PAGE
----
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Rebel Wilson as Natalie in New Line Cinema's comedy "Isn't It Romantic," a Warner Bros. Pictures release.

“ISN'T IT ROMANTIC” — 3 stars — Rebel Wilson, Liam Hemsworth, Adam Devine, Priyanka Chopra; PG-13 (for language, some sexual material and a brief drug reference); in general release; running time: 89 minutes

SALT LAKE CITY — “Isn’t it Romantic” is something of a surprise: an enjoyable romantic comedy, hidden inside of a parody of romantic comedies.

Todd Strauss-Schulson’s film follows the adventures of a cynical and loveless architect who finds herself projected into a rom-com version of New York City. The protagonist is Natalie (Rebel Wilson), a wisecracking transplant from Australia who is laboring away in a small New York architecture firm. She’s a gifted architect with her own assistant (Betty Gilpin), but thanks to her scattered personality, most people she meets treat her like she’s only there to pick up the coffee.

Life’s harsh realities have made Natalie bitter, and she has an endless stream of sarcastic one-liners to criticize the romantic comedies her assistant watches on her computer all day, but she’s also blind to the modest advances of her co-worker Josh (Adam Devine).

Michael Parmelee
Brandon Scott Jones as Donny, left, and Rebel Wilson as Natalie in New Line Cinema's comedy "Isn't It Romantic," a Warner Bros. Pictures release.

That all changes when Natalie gets mugged in the subway, hits her head and wakes up in a New York that feels like it was pulled out of something like “Moonstruck” or “You’ve Got Mail.” Suddenly the Big Apple is full of smiling happy couples, bright clean streets and people who look Natalie in the eye when they talk to her.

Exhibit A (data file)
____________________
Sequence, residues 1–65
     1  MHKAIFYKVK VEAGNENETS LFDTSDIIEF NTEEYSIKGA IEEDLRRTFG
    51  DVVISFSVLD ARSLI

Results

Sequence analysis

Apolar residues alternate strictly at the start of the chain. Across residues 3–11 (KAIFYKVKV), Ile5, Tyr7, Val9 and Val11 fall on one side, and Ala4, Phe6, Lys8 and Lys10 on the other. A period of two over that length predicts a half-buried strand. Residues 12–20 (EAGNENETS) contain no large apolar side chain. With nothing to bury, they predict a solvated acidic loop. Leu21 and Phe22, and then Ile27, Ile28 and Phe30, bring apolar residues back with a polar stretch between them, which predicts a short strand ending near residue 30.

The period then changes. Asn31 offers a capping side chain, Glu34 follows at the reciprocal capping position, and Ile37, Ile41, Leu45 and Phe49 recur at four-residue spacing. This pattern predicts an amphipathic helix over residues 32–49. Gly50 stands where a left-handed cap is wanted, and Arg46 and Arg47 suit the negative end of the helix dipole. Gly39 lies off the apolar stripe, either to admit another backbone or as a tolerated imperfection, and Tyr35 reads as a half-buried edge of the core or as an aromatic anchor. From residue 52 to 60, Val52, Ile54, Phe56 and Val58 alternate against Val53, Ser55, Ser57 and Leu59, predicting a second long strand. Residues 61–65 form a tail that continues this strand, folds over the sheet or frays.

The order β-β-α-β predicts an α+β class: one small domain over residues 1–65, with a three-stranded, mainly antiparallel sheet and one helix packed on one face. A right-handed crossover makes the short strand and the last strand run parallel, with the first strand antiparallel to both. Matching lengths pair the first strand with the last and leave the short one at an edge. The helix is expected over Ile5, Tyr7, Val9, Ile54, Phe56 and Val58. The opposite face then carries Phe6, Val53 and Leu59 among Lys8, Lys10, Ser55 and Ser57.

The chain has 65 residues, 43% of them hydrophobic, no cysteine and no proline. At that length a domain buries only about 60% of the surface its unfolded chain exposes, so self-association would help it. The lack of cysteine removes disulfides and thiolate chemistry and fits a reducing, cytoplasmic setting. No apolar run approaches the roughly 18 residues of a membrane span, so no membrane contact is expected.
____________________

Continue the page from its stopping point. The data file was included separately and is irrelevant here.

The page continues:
Realizing she’s been transplanted inside some sort of cosmic romantic comedy world, Natalie immediately sets out to figure her way out of it. But her efforts are complicated by the sudden affections of a hunky hotel developer named Blake (Liam Hemsworth), and Josh’s even more sudden relationship with a swimsuit model/yoga ambassador named Isabella (Priyanka Chopra).

After a fun and clever initial set-up, “Isn’t it Romantic” settles into a plot that may leave you wondering about its destination, especially as the rom-com world jokes take a back seat and the setting feels more and more like Natalie’s everyday world.

But as Natalie tries to plot her way through her predicament, second-guessing the usual life lessons and clichéd outcomes she’s so grown to hate from the likes of “Pretty Woman” and “The Wedding Singer,” “Isn’t it Romantic” actually manages to arrive at a surprising and satisfying conclusion that reaffirms its original purpose.

Michael Parmelee
Rebel Wilson as Natalie, left, and Liam Hemsworth as Blake in New Line Cinema's comedy "Isn't It Romantic," a Warner Bros. Pictures release.

The result is a witty, lightweight comedy that proves a lot easier to endure for the more suspicious parties during a Valentine’s date night. “Isn’t it Romantic” is surprisingly successful on a few levels — Wilson is fun and relatable, buoyed by a clever script and a solid supporting cast — but none as much as the fact that Strauss-Schulson’s film may appeal to audiences who love and audiences who hate romantic comedies.

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“Isn’t it Romantic” pokes fun at rom-coms while also recognizing what makes them so adored, and that perspective is largely what makes the movie work. At different points, it skewers musical montages, clichéd character functions and even the corny narrative shortcuts that keep most such movies in PG-13 territory (while, ironically, affirming its own PG-13 rating).

But jokes aside, the film eventually delivers a message that balances romantic optimism with pragmatic realism. Altogether, “Isn’t it Romantic” might not be the most melodramatic romance, nor the most incisive social commentary, but it balances elements of both qualities in a way that might surprise you.

Rating explained: “Isn’t it Romantic” draws a mid-range PG-13 rating for some comic violence and steady profanity and vulgarity, as well as some suggestive content.